To return to Heraldry, just close the page
Many heraldic supporters have derived from national emblems and other meaningful symbols.
As a creative tool, the supporters ‘visually’ hold up a coat of arms. Usually they are columns, wreaths of leaves, humans or animals. To maintain artistic balance and symmetry, they’re placed on both sides of the shield or escutheon.
Some nation’s rules of heraldry have restricted the use of supporters to the higher social classes. Continental Europe was less restrictive, while in the United Kingdom only peers of the realm, some baronets, a few knights, and some corporate bodies have been granted supporters.
When granted, the supporters often have a local or historical significance. The Royal Arms of Queen Elizabeth that are displayed when she visits Scotland is a good example.
The supporters are the Lion Rampant (England) and the Unicorn (Scotland)
Image courtesy Wikipedia
Another fine example is the coat of arms of The Bahamas. The supporters are a marlin and a flamingo. As well as their abundance in the Caribbean surrounding the island, the marlin, like all fish, symbolizes unity with Christ, as well as a true and generous mind. Fish also symbolize virtue gained for oneself, not through heritage. The flamingo as a bird, is a symbol of peace and affection within the home ~ even more important in light of the fairly recent release from British power, within the new country.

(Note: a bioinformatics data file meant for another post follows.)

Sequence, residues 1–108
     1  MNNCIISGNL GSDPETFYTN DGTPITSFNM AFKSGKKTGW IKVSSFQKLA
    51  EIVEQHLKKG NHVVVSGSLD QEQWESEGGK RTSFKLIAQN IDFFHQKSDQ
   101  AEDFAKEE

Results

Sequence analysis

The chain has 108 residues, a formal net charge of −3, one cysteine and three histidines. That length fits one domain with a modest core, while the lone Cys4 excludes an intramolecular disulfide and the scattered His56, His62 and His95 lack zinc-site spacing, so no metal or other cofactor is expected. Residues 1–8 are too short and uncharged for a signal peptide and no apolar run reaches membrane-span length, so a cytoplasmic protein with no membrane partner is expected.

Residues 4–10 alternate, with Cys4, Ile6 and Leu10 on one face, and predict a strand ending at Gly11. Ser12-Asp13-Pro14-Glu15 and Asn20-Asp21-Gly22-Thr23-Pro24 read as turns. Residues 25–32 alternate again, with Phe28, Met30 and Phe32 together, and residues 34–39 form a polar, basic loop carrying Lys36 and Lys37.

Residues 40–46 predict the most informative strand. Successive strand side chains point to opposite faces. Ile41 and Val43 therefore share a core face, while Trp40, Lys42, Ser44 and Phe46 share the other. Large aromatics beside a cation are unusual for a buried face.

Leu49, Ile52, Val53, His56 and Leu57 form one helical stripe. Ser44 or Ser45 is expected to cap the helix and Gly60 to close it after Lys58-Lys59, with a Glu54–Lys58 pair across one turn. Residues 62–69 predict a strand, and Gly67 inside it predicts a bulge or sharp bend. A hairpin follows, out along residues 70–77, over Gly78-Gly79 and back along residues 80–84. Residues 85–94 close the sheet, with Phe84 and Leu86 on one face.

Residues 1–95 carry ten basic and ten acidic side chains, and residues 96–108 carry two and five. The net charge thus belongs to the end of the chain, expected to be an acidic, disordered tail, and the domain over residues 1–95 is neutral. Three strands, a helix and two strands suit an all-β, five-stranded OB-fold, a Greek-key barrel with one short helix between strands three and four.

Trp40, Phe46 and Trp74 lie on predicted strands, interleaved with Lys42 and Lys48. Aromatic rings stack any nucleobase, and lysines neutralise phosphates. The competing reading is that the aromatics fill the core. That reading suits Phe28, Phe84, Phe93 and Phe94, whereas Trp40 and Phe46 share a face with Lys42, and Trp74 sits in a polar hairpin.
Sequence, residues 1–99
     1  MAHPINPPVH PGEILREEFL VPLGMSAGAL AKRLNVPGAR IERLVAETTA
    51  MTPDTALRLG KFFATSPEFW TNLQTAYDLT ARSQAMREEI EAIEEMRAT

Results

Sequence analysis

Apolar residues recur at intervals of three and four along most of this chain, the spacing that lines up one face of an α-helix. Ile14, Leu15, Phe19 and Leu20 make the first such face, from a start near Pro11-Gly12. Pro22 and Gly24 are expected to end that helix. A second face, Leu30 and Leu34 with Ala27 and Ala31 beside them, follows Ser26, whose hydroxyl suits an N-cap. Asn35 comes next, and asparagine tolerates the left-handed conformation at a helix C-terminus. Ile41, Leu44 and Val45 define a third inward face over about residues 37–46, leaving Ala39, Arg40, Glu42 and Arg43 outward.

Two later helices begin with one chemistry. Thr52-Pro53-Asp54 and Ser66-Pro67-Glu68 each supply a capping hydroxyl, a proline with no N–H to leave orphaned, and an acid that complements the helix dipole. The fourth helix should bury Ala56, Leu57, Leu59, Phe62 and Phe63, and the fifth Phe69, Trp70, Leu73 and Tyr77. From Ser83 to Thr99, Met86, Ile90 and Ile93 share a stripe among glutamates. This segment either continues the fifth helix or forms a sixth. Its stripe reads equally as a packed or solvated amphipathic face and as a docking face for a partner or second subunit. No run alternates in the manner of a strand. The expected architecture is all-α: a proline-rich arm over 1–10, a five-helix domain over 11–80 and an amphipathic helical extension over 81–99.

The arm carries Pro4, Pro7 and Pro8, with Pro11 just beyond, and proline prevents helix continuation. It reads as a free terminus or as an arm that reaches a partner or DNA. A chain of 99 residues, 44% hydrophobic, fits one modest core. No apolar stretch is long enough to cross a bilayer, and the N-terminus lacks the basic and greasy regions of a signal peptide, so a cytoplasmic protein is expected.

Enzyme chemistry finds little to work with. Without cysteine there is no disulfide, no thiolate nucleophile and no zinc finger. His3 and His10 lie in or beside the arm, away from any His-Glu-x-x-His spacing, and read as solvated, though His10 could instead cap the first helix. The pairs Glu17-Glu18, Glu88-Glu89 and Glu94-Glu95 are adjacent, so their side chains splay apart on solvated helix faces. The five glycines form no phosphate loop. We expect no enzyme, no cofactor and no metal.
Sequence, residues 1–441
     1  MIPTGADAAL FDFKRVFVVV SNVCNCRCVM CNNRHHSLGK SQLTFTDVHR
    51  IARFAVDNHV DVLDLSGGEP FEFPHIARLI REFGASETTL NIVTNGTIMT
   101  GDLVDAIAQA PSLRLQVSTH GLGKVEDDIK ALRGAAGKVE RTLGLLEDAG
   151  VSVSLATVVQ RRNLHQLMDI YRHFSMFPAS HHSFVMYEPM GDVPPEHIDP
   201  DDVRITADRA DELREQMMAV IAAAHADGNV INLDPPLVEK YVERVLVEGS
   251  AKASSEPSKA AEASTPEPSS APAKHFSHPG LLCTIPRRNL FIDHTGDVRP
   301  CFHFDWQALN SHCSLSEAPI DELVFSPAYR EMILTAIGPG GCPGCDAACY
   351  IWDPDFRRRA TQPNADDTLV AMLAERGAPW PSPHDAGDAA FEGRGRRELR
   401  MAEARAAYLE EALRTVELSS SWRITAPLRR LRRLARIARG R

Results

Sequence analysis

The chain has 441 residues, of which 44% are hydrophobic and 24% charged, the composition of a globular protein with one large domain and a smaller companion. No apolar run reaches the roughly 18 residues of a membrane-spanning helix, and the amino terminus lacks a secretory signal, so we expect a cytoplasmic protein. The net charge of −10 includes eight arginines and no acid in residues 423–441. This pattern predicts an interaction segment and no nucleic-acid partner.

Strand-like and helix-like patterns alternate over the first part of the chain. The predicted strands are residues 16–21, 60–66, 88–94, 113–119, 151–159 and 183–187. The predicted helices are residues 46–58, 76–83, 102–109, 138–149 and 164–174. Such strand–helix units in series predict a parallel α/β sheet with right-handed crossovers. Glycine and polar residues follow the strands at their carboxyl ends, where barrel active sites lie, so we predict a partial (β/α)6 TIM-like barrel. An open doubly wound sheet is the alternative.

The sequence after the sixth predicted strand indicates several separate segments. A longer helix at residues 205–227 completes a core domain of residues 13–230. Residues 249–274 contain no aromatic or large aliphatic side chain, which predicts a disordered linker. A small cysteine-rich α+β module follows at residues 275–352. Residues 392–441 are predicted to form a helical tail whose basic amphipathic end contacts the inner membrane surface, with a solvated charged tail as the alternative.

Image courtesy Wikipedia
Over history, as new countries came to be recognized, independent of their mother country, they tended to use meaningful local objects as heraldic supporters on their coat-of-arms ~
Australia’s kangaroo and ostrich
- Botswana’s zebras
- Barbados pelican and dolphin which represent Pelican Island and the fishing industry
- Bahamas flamingo and marlin
- Dominca’s parrots
- Gabon’s panthers which symbolize the vigilance and courage of the president who protects the nation
- Guyana’s jaguars
- Iceland’s bull and rock giant as protectors of the island
- Nambia’s oryx antelopes which represent courage, elegance and pride
- New Zealand’s European woman holding the New Zealand Ensign and a Maori Chieftain holding a Maori war weapon.
- San Marino’s oak and laurel branches, representing the stability of the republic and the defense of their liberty [as the oldest republic in the world]
- Solomon Islands’ crocodile and shark
- Uganda’s Crested Crane and Ugandan Kob, symbolizing their abundant wildlife
- Zimbabwe’s Kudos
Of course many other countries have Heraldic Supporters just as meaningful, if not as unique.
Leave Heraldic Supporters and
Return to Scottish Wedding Dreams Home Page